His new trio, '68 Comeback Special, released its debut album, Ignition!, earlier this year on Surfdog Records. While there's nothing as instantly grabbing as "Stray Cat Strut," "Rock This Town" or even "Built for Speed" on it, the record doesn't pull any sucker punches, either. "Hell Bent" succeeds as one of those nice 'n' creepy drivin'-too-fast-to-turn-back-now highway songs, but while the yodeling on "8-Track" must have looked good on paper, its novelty isn't enough to rescue the song from its blatant pandering to retro-hipsters (it is, after all, a song about listening to country music via the most ridiculously misguided medium that's ever been foisted on the music-buying public). Nostalgia works better--lyrically, anyway--on "'59," which, although it namechecks everyone from Grace Kelly to Bobby Darin, everything from Coupe DeVilles to Technicolor, refreshingly comes off sounding like the most modern track here.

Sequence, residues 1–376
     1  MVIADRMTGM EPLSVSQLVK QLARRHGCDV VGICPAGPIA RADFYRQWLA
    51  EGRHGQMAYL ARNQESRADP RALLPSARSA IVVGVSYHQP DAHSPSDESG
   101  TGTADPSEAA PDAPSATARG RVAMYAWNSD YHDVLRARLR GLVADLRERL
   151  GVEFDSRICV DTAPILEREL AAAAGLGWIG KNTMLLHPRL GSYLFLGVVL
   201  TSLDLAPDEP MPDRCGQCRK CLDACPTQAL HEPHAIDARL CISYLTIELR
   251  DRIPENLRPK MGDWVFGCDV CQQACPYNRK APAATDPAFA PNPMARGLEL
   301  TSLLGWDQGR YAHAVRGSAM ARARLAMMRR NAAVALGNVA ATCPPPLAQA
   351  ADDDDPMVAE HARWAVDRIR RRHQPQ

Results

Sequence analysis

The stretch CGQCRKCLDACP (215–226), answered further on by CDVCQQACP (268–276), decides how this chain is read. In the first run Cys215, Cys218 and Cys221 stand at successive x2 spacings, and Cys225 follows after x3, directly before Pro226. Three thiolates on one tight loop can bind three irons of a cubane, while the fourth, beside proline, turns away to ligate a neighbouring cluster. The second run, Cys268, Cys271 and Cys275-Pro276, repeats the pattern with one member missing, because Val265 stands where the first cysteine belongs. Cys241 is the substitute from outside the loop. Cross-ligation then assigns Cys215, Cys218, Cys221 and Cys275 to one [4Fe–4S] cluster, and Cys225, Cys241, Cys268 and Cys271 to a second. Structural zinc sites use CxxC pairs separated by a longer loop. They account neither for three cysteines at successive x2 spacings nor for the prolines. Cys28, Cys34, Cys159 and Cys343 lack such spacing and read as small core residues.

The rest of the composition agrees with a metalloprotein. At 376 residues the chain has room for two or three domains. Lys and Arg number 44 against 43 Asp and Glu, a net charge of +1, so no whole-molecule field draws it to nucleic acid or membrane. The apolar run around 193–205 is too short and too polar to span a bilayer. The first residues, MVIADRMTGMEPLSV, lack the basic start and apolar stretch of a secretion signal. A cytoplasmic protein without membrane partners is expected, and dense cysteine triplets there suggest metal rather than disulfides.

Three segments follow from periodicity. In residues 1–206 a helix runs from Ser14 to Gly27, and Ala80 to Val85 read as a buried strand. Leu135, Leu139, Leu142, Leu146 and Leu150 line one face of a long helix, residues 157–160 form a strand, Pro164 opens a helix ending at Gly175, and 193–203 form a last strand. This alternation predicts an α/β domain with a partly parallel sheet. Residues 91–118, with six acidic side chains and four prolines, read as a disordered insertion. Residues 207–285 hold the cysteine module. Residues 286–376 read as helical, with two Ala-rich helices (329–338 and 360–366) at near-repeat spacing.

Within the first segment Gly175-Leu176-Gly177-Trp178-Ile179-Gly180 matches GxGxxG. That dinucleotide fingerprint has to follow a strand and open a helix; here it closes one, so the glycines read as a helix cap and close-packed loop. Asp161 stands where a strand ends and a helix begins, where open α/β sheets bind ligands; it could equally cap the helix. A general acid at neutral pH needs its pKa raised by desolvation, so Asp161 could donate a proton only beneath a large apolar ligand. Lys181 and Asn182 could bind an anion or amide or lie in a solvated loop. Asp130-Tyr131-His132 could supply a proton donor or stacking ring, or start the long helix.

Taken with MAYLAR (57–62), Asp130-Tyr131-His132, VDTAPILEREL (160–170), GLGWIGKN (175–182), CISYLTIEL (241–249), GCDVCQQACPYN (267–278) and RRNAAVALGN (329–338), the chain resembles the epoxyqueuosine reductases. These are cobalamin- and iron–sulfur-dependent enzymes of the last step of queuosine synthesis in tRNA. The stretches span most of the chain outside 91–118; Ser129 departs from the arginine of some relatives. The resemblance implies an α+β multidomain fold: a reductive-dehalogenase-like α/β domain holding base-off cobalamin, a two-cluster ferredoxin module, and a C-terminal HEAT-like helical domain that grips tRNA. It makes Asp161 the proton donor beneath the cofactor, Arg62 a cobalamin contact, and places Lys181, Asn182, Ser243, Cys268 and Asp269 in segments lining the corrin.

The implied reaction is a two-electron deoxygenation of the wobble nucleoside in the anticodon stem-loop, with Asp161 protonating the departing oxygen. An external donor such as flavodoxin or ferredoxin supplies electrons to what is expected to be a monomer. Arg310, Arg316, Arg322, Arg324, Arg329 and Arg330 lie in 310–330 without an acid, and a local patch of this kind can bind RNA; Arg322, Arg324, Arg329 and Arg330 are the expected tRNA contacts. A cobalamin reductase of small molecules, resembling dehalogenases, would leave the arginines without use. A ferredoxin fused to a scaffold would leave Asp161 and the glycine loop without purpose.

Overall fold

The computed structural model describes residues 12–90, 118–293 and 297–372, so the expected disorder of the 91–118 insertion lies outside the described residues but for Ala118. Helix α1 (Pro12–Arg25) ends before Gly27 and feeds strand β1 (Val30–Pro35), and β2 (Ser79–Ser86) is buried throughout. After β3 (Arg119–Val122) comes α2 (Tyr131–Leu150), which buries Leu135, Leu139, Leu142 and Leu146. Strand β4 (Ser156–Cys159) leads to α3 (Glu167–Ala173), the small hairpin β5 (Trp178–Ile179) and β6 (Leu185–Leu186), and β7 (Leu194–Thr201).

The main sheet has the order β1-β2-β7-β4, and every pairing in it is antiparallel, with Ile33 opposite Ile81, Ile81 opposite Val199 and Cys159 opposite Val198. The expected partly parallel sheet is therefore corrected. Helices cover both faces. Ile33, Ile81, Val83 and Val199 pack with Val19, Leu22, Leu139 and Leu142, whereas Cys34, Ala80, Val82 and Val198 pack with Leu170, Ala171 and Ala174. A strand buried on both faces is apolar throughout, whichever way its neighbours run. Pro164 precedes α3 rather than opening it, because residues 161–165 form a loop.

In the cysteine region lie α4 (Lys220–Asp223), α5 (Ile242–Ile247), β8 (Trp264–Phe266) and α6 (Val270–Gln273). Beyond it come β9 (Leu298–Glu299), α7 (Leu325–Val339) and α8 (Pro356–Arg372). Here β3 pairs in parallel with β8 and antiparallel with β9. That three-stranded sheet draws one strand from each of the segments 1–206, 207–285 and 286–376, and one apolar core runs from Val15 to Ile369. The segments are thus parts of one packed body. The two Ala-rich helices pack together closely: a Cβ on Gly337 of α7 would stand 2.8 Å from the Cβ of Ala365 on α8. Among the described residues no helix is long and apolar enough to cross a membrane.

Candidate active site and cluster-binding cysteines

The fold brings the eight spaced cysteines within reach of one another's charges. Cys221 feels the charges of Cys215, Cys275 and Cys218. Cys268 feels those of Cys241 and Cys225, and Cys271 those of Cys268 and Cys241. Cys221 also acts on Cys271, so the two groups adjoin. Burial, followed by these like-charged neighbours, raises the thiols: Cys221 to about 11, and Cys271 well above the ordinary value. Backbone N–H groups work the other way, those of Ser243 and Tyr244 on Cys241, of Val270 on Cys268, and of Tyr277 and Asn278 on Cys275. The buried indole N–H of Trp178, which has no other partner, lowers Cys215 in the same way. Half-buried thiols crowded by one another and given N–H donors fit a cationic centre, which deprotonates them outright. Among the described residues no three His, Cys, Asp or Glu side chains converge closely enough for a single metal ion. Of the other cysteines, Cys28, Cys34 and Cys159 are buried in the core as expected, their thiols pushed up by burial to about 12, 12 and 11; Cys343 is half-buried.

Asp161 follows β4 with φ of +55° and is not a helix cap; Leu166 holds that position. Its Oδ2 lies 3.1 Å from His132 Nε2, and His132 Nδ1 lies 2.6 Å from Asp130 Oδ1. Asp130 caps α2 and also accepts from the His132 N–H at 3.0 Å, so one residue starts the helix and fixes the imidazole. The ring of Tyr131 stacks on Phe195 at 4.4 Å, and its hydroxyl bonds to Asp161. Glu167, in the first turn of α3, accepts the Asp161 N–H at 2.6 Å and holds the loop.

Brian Setzer's '68 Comeback performs along with openers Billy Bacon & The Forbidden Pigs at 8 p.m. on Friday, August 10 at the Rialto Theatre, 318 E. Congress St. Advance tickets are available for $25 at all Ticketmaster outlets, or for $20 online at www.Ticketmaster.com. For further info call 798-3333.